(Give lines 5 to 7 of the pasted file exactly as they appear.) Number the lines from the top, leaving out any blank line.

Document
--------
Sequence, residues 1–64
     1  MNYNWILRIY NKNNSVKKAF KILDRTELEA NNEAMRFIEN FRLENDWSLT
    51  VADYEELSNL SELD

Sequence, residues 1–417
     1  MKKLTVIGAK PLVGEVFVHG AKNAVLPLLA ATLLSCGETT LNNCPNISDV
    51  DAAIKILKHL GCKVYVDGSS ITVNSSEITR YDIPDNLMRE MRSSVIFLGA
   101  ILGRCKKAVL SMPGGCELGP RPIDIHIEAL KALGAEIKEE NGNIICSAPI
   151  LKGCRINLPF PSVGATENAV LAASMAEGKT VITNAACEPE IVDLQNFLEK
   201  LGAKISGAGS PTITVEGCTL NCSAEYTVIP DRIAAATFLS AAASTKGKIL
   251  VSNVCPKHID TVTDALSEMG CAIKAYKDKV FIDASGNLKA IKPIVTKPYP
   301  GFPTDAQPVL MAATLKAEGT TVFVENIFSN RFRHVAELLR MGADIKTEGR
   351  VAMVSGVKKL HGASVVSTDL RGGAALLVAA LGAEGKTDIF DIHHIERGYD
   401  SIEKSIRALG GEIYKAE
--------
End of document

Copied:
     1  MKKLTVIGAK PLVGEVFVHG AKNAVLPLLA ATLLSCGETT LNNCPNISDV
    51  DAAIKILKHL GCKVYVDGSS ITVNSSEITR YDIPDNLMRE MRSSVIFLGA
   101  ILGRCKKAVL SMPGGCELGP RPIDIHIEAL KALGAEIKEE NGNIICSAPI